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Bering's Voyages: 1728-1741

The Danish explorer Vitus Bering is an officer in the Russian navy when he is appointed by Peter the Great, in 1724, to lead an expedition to discover whether Siberia is joined to the continent of America.

Bering builds a ship at the mouth of the Kamchatka river, in eastern Siberia, and sails north in July 1728 through what is now the Bering Sea. He makes his way up through the Bering Strait into the Arctic Circle, seeing and naming the Diomede Islands in the middle of the channel. On this occasion he fails to sight the coast of Alaska.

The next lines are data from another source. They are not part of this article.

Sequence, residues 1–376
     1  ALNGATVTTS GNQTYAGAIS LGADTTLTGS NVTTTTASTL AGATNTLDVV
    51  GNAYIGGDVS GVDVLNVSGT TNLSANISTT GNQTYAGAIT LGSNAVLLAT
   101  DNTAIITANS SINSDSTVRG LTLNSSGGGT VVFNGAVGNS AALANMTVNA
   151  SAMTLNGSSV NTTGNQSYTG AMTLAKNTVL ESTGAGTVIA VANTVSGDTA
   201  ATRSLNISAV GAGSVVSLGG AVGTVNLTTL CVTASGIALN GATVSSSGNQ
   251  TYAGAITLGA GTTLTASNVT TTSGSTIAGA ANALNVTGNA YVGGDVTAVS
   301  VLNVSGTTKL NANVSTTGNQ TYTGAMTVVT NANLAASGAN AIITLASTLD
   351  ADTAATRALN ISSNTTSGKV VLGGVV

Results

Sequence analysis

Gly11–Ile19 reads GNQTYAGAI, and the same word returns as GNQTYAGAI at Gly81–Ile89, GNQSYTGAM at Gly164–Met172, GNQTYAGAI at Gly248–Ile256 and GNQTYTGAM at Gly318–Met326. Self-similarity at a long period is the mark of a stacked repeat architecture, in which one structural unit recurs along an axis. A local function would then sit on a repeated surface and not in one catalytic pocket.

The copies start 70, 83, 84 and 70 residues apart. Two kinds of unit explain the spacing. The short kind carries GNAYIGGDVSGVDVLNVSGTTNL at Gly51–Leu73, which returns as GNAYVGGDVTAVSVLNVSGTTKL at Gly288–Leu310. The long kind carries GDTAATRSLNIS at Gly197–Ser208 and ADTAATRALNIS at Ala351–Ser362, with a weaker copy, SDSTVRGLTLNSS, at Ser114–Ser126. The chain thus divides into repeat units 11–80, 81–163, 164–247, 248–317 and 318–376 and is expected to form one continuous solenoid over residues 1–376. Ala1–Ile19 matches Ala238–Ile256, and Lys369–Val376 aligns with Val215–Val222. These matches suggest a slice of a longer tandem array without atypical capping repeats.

On a second voyage, in 1741, Bering reaches Alaska and explores part of its southern coast. On the way back to the Kamchatka peninsula his ship is wrecked on one of the Komandorski islands. Bering dies that winter, but survivors of his expedition get back to Russia with furs purchased in Alaska.

The lure of fur brings merchants eastwards and begins Russia's link with Alaska - formalized at the end of the century in the Russian-American Company.

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